/ How many MLTS "Mountain Areas," are there in Scotland?

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jonnie3430 - on 04 Dec 2013
Hello,

Looking at registering for Winter ML, but am a bit confused as to what a "mountain area," is. George Mc says that at least 75% of QMDs should be in UK and 50% in Scotland, but you should have experience in 3 "mountain areas," in the UK. All my winter days have been in Scotland so is that one "mountain area," or can it be broken down to Glencoe, Ben Nevis, Aonach Mor, Creag Meagaidh, Cairn Gorm, An Teallach, Torridon, etc... or does it mean I need to be playing the conditions game in the Lakes and Wales at some point?
Kimberley on 04 Dec 2013
In reply to jonnie3430:

It's important to note it says in the the guidance at least 50% in Scotland, thus the experience could be all in Scotland. No need to go to Wales or the Lakes!!
http://www.mountain-training.org/award-schemes/winter-mountain-leader

Log in to the CMS and click the DLOG tab and you will see the regions/mountain areas are e.g. West Highland, NW Highlands etc
jonnie3430 - on 04 Dec 2013
In reply to Kimberley:

I think I need to register for the Winter ML before I can access that. Cheers.
highclimber - on 04 Dec 2013
In reply to jonnie3430:

if you've already got your candidate number (from your summer ML logbook or SPA Logbook), you can log in to the CMS. You might have to register with the website but once logged in you should be able to access the CMS. I think you have to do this to register for pre-approval to the WML anyway.
jonnie3430 - on 04 Dec 2013
In reply to highclimber:

I can login but don't think I can access the DLOG (or at least I can't find the tab,) until I register for the WML.
highclimber - on 04 Dec 2013
In reply to jonnie3430:

you should be able to access the DLOG as it's for CPD as well as a logbook. I've not registered for the WML but I've got access to the DLOG. If you are on facebook, you can join the MTA group and ask on there any question about the scheme and chances are that Bryn Williams or Alan Halewood will answer your enquiry.
Andy Moles - on 05 Dec 2013
In reply to jonnie3430:

Having done Winter ML, I don't think they're too bothered about precisely what you count as a mountain area, provided you have experience across a good range - 3 being the absolute bare minimum. I logged mine under the likes of 'Cairngorms', 'Lochaber', 'Torridon' etc, and that was fine.

They aren't going to pull you up if you've walked all over Scotland just because you've logged Glencoe and the Mamores as separate areas. It's just about demonstrating experience in different areas.
timjones - on 05 Dec 2013
In reply to Kimberley:

> It's important to note it says in the the guidance at least 50% in Scotland, thus the experience could be all in Scotland. No need to go to Wales or the Lakes!!


I've never understood the 50% in Scotland thing.

The vast majority of my best winter days have been South of the border.
Andy Moles - on 05 Dec 2013
In reply to timjones:

That's because they're less interested in your best winter days than your worst ;)
timjones - on 05 Dec 2013
In reply to Andy Moles:

> That's because they're less interested in your best winter days than your worst ;)

Neither you nor they know how I define my best winter days ;)

But if it helps the vast majority of both my best and my worst winter days have been south of the border. All this requirement does is ensures that many candidates are likely to gain as much experience of motorway driving as they are of winter walking. It's a lazy way of judging peoples experience IMO.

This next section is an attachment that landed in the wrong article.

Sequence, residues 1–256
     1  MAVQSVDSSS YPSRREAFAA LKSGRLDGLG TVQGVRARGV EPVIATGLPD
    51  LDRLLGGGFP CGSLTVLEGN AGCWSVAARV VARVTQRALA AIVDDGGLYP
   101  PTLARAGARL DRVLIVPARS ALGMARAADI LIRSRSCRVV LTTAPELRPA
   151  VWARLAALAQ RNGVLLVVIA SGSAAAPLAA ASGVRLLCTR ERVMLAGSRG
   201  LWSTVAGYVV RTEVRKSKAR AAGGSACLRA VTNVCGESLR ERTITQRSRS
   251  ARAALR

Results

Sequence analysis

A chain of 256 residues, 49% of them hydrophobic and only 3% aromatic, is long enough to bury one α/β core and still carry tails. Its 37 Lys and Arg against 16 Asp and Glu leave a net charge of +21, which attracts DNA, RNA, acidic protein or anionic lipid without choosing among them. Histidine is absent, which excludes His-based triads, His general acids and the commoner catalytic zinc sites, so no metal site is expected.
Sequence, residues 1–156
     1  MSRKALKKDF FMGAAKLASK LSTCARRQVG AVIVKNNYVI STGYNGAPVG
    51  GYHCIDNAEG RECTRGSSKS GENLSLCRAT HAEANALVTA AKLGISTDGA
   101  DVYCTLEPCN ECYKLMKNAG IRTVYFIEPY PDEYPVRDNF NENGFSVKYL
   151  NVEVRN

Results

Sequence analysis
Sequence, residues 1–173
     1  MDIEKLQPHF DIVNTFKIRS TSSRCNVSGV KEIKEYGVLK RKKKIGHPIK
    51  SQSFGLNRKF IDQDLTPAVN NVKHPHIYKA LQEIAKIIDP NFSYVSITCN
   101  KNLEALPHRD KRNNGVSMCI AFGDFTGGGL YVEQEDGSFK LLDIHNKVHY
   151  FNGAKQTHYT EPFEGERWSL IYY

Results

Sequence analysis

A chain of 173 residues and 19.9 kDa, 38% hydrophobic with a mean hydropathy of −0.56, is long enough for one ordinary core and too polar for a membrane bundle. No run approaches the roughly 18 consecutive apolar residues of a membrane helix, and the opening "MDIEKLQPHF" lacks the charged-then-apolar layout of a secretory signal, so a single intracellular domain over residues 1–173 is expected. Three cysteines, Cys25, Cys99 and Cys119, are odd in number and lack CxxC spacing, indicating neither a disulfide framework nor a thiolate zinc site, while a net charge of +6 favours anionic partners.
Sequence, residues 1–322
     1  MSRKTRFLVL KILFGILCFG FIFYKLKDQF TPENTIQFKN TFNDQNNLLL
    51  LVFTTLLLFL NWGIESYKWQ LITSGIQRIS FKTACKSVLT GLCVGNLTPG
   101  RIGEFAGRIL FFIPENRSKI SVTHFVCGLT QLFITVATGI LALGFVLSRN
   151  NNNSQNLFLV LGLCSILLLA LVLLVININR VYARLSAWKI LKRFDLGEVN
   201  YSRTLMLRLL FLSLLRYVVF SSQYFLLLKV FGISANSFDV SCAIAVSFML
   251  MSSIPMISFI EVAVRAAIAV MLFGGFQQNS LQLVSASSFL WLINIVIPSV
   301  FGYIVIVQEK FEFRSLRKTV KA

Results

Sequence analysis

The New NickB - on 05 Dec 2013
In reply to timjones:

Have the vast majority of your winter days been south of the border?
Andy Moles - on 05 Dec 2013
In reply to timjones:
More seriously, I think it's because in a UK-wide award, it would seem odd to be passed if you were lacking experience of the areas where the vast majority of 'winter' happens. I think they also say something about the relative remoteness and seriousness of Scottish mountains, though obviously you don't necessarily have to go remote in Scotland.

I kind of agree with you, that there's no reason you can't have experienced a pretty full range of UK winter conditions in Wales or the Lakes. But if you haven't done much in Scotland, how do you know that?
Post edited at 10:42
timjones - on 05 Dec 2013
In reply to The New NickB:

> Have the vast majority of your winter days been south of the border?

Over the last 5 or so years all of my winter days have been south of the border but overall I'd say that looking at winter days within the UK it's about 50:50.

Given that the logbook system is based entirely on trust it seems a bit bizarre to rely on an arbitrary line on the map when judging the "quality" of a candidates experience.
timjones - on 05 Dec 2013
In reply to Andy Moles:

> I kind of agree with you, that there's no reason you can't have experienced a pretty full range of UK winter conditions in Wales or the Lakes. But if you haven't done much in Scotland, how do you know that?

I know it because I used to do quite a bit in Scotland. I've wasted entire weekends chasing crap winter days in Scotland and experienced great winter days within a few hours drive of home!

For that reason I sincerely believe that the insistance on 50% of the days being in Scotland is a dangerously misleading anomaly.
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Andy Moles - on 05 Dec 2013
In reply to timjones:

Maybe George Mc will spot this thread and give you a response.

Also, don't forget they are not saying that 50% of all your winter days must be in Scotland - only 50% of those which you submit as Quality Mountain Days for registration. If you've done 50 days in Scotland and 500 elsewhere, I doubt they're going to object!

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